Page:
Appeals court: beauty pageant can exclude transgender contestants

Appeals court: beauty pageant can exclude transgender contestants

This week, a federal judge determined that a beauty contest may prohibit transgender women from competing.

The decision by the U.S. Court of Appeals for the Ninth Circuit was in response to a complaint filed by Anita Green, a candidate for Miss Oregon who is openly transgender. She filed a lawsuit against the United States of America Pageants organization after she was not permitted to compete in the Miss Oregon pageant, despite the fact that the pageant had invited her to compete.

She initially filed a lawsuit against the United States of America Pageants in 2019, but the U.S. District Court for the District of Oregon dismissed the complaint, prompting her to file an appeal.

Green filed the case on the grounds that the pageant’s rule restricting entrants to “natural born females” violated the Oregon Public Accommodations Act (OPAA), which promotes equal rights for all people regardless of religion or identity.

According to the OPAA, “all Oregonians have the right to full and equal accommodations, advantages, facilities, and privileges in any place of public accommodation, without distinction, discrimination, or restriction based on race, color, religion, sex, sexual orientation, national origin, disability, marital status, or age (above 18).”

United States of America Pageants did not dispute that it must comply with OPAA, but contended that it is within its First Amendment rights to reject a specific contestant.

Wednesday, the appellate court issued a 106-page ruling. It agreed with the attorneys for the United States of America Pageants that the First Amendment protects the organization’s “rights of expressive association to exclude a person whose presence would hinder the group’s capacity to convey its beliefs.”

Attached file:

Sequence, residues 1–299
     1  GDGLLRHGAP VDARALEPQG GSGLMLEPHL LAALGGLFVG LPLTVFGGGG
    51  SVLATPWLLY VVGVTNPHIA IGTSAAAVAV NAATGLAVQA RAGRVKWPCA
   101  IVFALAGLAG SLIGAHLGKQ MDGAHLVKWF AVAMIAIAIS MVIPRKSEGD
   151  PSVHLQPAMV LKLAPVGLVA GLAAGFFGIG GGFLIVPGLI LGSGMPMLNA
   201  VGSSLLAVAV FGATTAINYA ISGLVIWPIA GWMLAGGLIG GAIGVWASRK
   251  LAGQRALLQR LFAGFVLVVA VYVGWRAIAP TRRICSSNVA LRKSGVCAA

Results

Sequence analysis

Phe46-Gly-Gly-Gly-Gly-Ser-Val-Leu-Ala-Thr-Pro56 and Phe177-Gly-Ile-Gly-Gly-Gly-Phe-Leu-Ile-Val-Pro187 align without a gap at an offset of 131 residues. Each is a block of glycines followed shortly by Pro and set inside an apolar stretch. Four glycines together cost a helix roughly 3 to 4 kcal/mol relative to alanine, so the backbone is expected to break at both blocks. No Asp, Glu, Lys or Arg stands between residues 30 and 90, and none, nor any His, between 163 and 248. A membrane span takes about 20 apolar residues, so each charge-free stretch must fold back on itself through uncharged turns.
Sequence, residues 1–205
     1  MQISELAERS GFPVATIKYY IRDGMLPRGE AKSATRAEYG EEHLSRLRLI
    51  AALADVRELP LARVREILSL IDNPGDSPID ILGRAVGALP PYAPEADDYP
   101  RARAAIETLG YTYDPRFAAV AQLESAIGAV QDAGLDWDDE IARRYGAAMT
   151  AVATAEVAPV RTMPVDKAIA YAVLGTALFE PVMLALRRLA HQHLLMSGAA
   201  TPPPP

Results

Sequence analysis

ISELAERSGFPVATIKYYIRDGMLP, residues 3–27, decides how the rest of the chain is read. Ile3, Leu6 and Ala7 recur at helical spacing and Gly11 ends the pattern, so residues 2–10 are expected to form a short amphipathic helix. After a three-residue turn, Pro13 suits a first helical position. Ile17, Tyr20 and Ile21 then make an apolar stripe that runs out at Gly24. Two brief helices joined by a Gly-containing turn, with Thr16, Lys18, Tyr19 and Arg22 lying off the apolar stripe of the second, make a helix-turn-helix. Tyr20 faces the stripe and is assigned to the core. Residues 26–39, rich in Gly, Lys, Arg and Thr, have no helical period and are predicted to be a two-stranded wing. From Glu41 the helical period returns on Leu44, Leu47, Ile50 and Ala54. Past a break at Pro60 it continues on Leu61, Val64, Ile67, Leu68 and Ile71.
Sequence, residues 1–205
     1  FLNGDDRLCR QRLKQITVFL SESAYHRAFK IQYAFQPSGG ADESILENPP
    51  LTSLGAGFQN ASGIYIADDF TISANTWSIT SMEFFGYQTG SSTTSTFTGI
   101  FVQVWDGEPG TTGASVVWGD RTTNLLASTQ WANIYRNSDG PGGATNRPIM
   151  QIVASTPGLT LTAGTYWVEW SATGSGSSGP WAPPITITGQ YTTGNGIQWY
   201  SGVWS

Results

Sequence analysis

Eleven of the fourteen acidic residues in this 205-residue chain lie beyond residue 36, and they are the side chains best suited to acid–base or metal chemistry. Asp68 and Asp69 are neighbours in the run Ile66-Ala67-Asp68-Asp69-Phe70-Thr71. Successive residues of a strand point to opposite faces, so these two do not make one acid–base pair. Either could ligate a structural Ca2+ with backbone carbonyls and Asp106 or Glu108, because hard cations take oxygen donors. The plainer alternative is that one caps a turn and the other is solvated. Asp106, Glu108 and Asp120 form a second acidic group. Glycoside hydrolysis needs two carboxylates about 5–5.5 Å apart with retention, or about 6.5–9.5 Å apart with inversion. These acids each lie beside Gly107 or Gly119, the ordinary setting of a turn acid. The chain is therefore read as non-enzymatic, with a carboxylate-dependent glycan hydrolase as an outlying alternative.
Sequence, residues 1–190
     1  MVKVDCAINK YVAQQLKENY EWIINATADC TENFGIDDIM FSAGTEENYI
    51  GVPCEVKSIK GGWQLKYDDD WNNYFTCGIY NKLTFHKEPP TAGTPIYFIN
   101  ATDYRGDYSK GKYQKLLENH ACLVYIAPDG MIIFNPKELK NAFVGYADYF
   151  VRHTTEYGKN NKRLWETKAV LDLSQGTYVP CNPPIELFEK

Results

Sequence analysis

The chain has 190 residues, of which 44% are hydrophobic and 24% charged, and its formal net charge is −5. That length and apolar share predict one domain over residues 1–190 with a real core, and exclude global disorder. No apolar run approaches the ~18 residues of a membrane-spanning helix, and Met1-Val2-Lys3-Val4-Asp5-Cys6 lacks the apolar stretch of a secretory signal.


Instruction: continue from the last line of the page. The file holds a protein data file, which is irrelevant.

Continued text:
In addition, the court determined that the pageant’s “natural born female” eligibility rule does not violate OPAA, and that permitting Green to participate in the contest would prevent the organization from expressing its opinion.

“The pageant would be unable to communicate ‘the joy of biological women’ if Green were forced to participate,” the decision states. The Pageant expresses its message in part through the participants it selects, and the First Amendment allows it to do so.

Green claimed in court that her participation in the pageant would not impede the Miss USA organization’s ability to express its views.

“Green’s claim that there was no substantial difference between Green and any of the pageant’s cisgender female participants was the exact antithesis of the pageant’s intended statement,” the ruling stated.

“The pageant’s desired portrayal of a ‘ideal lady’ would be suppressed and modified by the coercive force of the law if the OPAA were applied to it,” the panel added.

One of the panel’s judges dissented, stating that the court should not have considered the validity of the pageant’s decision before examining the problem under Oregon state law.

Typically, the American judicial system adheres to the idea of constitutional avoidance, which states that courts assess the constitutionality of the contested issue only as a last choice.

“Judge Graber would overturn the verdict and remand the case to the district court to examine whether the OPAA applied to the defendant before this court addresses any constitutional problems about the statute’s application,” the dissent stated.

 

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